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Bell peppers, also called sweet peppers, were not widely grown in the United States until the mid-20th century. Today, they are a common ingredient in salads and cooked dishes, with more than 200 varieties cultivated. When a pepper develops, it is initially green, but left to ripen, it becomes red, yellow, orange and even purple. Green peppers are not as sweet as their more mature counterparts. They are high in antioxidants, offering a host of nutritional benefits.
Cooked or raw, a green bell pepper is an efficient way to add flavor and texture to your food without an abundance of calories. A large raw green pepper provides 3 grams of fiber and 1.5 grams of protein with only 33 calories. Although cooking depletes it of some of its water-soluble nutrients, a cup of cooked green bell pepper, with 38 calories, provides 100 milligrams of vitamin C. If you prefer to eat peppers cooked, you still get plenty of nutrients from them.
Immune System Benefits
Each chopped green pepper gives you 132 milligrams of vitamin C, far surpassing the recommended daily intake of 90 milligrams for men and 75 milligrams for women. It also provides more than one-fourth of the vitamin B-6 you need each day. While vitamin C acts as an antioxidant, preventing free radicals from damaging your cells and causing illness, vitamin B-6 helps your body make antibodies that fight disease.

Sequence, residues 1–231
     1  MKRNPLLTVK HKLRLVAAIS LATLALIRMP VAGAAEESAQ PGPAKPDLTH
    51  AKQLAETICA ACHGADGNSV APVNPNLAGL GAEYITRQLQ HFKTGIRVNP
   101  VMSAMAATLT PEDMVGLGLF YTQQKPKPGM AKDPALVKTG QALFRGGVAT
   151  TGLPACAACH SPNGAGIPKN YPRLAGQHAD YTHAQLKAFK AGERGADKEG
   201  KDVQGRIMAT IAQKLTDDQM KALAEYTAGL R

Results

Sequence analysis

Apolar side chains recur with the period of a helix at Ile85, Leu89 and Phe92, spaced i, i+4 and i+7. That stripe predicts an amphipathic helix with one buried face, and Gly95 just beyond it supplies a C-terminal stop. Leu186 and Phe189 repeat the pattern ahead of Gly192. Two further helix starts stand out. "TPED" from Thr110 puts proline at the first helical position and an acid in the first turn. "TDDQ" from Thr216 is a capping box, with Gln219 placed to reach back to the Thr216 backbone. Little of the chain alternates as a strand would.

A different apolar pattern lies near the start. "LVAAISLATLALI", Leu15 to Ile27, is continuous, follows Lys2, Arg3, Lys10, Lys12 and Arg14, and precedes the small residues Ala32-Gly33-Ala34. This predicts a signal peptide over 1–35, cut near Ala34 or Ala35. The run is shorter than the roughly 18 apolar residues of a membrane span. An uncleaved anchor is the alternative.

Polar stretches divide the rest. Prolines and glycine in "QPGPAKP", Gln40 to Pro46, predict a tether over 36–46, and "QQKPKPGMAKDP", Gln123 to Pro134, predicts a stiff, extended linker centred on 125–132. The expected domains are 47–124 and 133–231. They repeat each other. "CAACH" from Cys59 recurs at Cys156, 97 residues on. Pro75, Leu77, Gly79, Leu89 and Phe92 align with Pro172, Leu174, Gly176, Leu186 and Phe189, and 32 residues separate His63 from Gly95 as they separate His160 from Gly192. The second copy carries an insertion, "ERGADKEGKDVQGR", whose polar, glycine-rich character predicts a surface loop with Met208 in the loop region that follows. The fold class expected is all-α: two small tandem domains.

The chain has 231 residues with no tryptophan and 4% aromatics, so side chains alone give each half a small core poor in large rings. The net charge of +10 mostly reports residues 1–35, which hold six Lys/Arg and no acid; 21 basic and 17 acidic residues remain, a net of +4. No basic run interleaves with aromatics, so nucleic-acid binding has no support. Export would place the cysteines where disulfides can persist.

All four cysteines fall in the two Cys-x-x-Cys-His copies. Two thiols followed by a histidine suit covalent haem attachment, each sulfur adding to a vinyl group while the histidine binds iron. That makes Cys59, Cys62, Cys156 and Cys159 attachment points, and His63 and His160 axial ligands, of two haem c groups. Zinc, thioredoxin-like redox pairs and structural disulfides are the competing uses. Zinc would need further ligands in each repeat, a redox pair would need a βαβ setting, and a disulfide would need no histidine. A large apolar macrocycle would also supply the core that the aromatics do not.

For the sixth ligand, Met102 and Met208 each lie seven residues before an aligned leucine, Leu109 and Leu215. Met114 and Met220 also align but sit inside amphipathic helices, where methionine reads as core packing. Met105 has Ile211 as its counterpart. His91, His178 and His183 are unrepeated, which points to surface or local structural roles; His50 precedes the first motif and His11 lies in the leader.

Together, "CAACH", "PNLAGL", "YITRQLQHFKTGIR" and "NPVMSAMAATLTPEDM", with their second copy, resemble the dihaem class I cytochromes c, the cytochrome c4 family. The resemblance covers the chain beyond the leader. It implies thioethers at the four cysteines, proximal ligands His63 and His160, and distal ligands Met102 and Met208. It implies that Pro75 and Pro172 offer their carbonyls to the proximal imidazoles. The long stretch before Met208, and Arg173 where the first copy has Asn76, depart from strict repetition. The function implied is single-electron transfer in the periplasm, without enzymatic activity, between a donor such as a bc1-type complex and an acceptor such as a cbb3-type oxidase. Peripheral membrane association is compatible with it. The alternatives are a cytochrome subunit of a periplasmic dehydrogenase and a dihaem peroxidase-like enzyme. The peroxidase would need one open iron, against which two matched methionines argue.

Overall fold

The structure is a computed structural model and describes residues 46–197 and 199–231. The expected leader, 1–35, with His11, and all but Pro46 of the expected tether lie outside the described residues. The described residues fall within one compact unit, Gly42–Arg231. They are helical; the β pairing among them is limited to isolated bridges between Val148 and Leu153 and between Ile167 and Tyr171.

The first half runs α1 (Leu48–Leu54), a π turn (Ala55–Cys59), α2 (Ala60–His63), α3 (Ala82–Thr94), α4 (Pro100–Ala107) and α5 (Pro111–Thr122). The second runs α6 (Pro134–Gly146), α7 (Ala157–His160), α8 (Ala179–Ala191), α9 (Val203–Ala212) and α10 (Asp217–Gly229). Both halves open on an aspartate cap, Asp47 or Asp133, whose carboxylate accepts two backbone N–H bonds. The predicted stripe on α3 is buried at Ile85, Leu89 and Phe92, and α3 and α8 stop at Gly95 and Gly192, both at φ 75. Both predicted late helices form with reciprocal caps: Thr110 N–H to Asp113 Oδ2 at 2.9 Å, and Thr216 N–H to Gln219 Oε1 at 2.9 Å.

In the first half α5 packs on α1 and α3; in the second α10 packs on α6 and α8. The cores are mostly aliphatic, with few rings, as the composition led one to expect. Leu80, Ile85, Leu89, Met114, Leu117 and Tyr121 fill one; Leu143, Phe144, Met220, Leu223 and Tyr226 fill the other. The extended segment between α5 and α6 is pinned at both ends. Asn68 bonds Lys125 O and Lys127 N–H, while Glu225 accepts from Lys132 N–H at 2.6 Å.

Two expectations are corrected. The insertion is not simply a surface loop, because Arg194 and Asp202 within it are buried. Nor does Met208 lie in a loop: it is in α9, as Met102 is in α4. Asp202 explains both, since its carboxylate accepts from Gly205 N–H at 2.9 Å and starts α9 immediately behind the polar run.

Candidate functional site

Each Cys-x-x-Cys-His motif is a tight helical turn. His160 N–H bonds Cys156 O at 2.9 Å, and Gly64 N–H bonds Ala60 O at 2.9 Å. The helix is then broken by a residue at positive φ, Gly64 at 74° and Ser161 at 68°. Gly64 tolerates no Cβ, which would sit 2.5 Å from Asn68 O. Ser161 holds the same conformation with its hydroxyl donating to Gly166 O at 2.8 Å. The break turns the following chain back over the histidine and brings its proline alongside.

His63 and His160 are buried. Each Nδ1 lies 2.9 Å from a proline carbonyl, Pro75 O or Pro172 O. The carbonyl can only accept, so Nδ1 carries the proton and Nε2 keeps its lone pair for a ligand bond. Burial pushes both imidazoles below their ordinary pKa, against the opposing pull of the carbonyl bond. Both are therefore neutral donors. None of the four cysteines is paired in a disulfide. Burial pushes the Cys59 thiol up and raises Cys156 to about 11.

A 100-gram serving of green bell peppers has nearly 5 milligrams of luteolin, an antioxidant flavonoid that exhibits anti-inflammatory properties. Luteolin may inhibit the growth of some types of cancer cells, according to a 2012 Science Daily article. A group of Korean researchers found that luteolin displayed anti-cancer activity against colon cancer cells in laboratory studies. The researchers concluded that this flavonoid may eventually be useful in treatments for colon cancer.
If you have skin problems or inflammation due to a chronic medical condition, flavonoids in green bell peppers may help alleviate your symptoms. A 100-gram serving of green pepper contains 2 milligrams of quercetin, a flavonoid with powerful antioxidant capabilities. After a series of tests, authors of a 2012 "PLOS One" journal article concluded that quercetin is more effective than conventional medications for treating contact dermatitis and skin photosensitivity, and they concluded that the flavonoid may be useful as part of a treatment program for allergies and inflammatory diseases.